The American Legion High School Oratorical Scholarship Program, founded in 1938, was developed to motivate high school students to study the Constitution, strengthen their speaking skills and accept the responsibilities of citizenship.
It’s one of at least three that Patrick Mobley, Carson High world history teacher and speech and debate coach, consistently has had his students compete in during his tenure. Mobley said his program has about 16 students. Numbers have decreased from about 30 students since COVID-19 as well as national programs’ abilities to host in-person competitions.
“When it first hit, we were literally on the bus to Las Vegas to a state tournament in mid-March of 2020, then there was last year when we didn’t have any in-person competitions,” he said. “Last year, there was online competitions, and it was way different and it doesn’t have nearly the same experience or benefits. … The post-COVID comeback is quite nice. We can actually do these events again.”
American Legion’s competition also is unique in that its main topic is consistent, Mobley said.
“You can’t use the same speech for every year, but you can take what you have learned and directly apply it to the new speech and so you can see clear growth from year to year as I give feedback, as the judges from the competition give feedback or others from the competition give feedback,” he said.
Soulier will travel to Indianapolis on April 22 with a pre-contest orientation to be held that night. Quarterfinal and semifinal rounds are scheduled for April 23 and the championship will be held April 24.
“As this is a competition about the duties and obligations of American citizenship, I’m hoping to understand more if people really truly do believe something like patriotism is important or something like participating in the democratic process, like voting, is important,” Soulier said about the competition.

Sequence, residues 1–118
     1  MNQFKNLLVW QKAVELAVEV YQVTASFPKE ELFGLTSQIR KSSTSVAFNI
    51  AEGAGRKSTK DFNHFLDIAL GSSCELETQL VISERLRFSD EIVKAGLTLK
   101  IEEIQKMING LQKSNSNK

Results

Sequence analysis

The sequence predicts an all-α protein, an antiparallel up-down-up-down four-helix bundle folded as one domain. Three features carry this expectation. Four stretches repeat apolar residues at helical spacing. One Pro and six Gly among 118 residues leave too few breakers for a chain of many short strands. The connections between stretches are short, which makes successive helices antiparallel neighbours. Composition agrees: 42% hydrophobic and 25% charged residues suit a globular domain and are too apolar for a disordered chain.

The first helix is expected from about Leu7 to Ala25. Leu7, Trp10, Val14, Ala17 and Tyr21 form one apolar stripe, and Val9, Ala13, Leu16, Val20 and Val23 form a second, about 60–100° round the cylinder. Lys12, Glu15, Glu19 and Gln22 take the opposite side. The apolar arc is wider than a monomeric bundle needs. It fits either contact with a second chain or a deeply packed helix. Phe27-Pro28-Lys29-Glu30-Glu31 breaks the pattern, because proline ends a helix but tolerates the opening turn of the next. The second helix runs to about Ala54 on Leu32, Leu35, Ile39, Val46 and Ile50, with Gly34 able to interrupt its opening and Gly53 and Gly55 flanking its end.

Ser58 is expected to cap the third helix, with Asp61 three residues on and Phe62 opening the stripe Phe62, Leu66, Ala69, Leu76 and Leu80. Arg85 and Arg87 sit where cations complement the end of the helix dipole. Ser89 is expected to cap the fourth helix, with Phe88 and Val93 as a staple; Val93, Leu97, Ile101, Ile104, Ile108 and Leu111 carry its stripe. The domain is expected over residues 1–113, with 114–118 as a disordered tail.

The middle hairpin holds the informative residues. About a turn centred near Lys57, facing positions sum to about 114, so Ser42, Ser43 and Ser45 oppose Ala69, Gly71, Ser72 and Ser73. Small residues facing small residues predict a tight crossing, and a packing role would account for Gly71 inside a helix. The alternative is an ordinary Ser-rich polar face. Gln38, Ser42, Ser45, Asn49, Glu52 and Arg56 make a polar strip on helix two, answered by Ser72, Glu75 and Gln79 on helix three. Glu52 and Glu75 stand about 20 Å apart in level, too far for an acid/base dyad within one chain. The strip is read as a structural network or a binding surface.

He said although he’s still deciding what he’d like to do after high school, he hopes to enter political science or possibly become a motivational speaker to help others “understand a different way of looking at things.”
Although he initially considered dropping the program himself when he first started, he encourages fellow students who might be shy or not quite as self-confident to consider the program is a perfect opportunity to improve upon their own public speaking skills.
“This class and this course helps them come of their shell and help talk in front of people and in front of groups,” he said. “It helps you so you’re heard.”
He says it’s taken time for him to learn how to be as articulate as he is and how to exclude filler words in daily speech. It’s also given him even more resourceful insight.
“It’s also taught me more about researching and understanding what’s going on before you make an accusation or a claim than just automatically saying, ‘Hey, this is what’s going on, I think we need to do this,’” he said. “It teaches you valuable life skills so you’re not that one person who’s always getting beat down by others because you’re making some random accusation that you have no idea what you’re saying.”
For information about the American Legion Oratorical Contest, visit